As ISIS’s influence in Iraq and Syria continues to spread, international commentators have begun to look towards China. As the most significant foreign investor in Iraq’s oil and a beneficiary of stability in the Middle East, many have argued that China should be playing a more active role in maintaining the stability of the region.
China’s interests in the Middle East are not only economic. Chinese officials frequently emphasize that China itself is the victim of terrorism. Following a string of terrorist attacks beginning last year, President Xi Jinping labeled Xinjiang China’s “frontline of terror.” In May 2014, Xi announced a year-long campaign against terrorism in Xinjiang, and Xinjiang Party Chief Zhang Chunxian declared a “people’s war on terror.” The government’s controversial strategies include offering substantial monetary rewards to informants, deploying drones, and cracking down on outward displays of Islamic beliefs and practices. In the three months following the knife attack at Kunming Railway Station in March, Xi Jinping publicly raised the issue of counterterrorism 22 times.
While China supported UNSC Resolution 2170, which strongly condemned extremist groups in Syria and Iraq and promoted sanctions against ISIS and its affiliates, China’s non-intervention policy and lack of military capabilities have prevented it from taking decisive action against ISIS.
In an interview with the New York Times earlier this month, U.S. President Barack Obama openly criticized China for being a “free rider,” saying he had joked with his colleagues: “can’t we [the U.S.] be a little bit more like China? Nobody ever seems to expect them to do anything when this stuff comes up.”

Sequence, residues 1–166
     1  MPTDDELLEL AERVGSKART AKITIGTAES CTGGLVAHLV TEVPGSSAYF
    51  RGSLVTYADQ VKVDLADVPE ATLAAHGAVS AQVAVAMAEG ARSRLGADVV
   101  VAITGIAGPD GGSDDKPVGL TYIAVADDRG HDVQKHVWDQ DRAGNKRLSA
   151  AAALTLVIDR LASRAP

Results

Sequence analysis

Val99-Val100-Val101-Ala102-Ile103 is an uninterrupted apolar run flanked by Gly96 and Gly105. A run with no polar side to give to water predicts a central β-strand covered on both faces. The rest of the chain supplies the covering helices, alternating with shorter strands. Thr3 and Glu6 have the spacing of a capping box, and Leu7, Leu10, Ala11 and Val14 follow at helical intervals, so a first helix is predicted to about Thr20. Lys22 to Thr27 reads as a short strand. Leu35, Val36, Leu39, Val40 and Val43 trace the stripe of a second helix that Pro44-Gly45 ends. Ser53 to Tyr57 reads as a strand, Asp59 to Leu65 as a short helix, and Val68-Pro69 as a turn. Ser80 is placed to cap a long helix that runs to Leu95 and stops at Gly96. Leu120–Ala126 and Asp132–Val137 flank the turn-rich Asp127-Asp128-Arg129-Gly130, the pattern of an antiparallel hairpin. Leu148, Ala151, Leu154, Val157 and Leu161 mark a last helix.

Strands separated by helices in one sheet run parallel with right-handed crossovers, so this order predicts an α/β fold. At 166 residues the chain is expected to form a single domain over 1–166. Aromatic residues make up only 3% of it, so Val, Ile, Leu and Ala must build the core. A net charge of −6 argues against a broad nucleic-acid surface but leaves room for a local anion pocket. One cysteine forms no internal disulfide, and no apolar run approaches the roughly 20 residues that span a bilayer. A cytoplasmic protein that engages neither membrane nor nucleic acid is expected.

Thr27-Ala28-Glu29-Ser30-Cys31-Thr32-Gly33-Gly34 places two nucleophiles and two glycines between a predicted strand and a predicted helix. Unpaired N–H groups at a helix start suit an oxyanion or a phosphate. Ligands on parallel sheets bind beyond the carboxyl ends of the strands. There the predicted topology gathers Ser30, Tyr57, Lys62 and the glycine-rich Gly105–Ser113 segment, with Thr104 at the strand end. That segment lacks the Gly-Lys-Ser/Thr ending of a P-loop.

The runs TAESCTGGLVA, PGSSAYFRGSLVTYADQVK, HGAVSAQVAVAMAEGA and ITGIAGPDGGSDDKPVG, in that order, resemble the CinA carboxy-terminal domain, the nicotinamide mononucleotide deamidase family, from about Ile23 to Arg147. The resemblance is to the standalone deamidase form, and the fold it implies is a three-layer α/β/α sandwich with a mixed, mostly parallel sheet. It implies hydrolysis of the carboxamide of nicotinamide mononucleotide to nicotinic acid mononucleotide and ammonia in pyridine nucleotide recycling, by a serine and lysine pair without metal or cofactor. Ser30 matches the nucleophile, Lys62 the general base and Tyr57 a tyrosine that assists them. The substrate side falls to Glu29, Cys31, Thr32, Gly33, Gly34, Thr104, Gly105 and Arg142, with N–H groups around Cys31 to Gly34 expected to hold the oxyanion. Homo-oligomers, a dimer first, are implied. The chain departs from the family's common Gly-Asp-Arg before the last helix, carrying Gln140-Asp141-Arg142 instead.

China’s domestic media responded by highlighting the country’s positive impact on Iraq’s post-war development, citing delivery of humanitarian aid and investment in infrastructure. The Communist Party newspaper People’s Daily labeled the U.S. “invaders” and “abandoners,” while calling China a “cooperator” and “constructor.” In an op-ed for Caixin, one commentator argued that China should not be forced to enhance its presence in the Middle East at the “exhortations of other countries,” and should continue to “advance its influence [in Iraq and the Middle East] through the area of trade and economic ties.”
While its economic might has served it well thus far, China may not be able to rely on it for much longer. The fact is, China has also found itself a target of ISIS. In July, ISIS claimed that it would seek to rule over Xinjiang in response to China’s “seizing [of] Muslim rights.” There have been reports that Uyghur women and girls have received phone calls from ISIS operatives encouraging them to become their sex slaves. Wu Sike, China’s special envoy to the Middle East, has claimed that as many as 100 extremists from Xinjiang are currently receiving training in Syria and Iraq.
Ultimately, unless China invests in counterterrorism operations internationally, it will face the consequences domestically. As disunity within its own borders begins to pose a greater security threat, the government will need to initiate a serious discussion of ways in which it can make a contribution to global anti-terror efforts. China’s handling of this current crisis will become a test case for its future as a responsible stakeholder.
Simone van Nieuwenhuizen recently graduated from Peking University with a Master of International Relations (Diplomacy), completed in Mandarin Chinese. She can be found on Twitter @simoneyvan.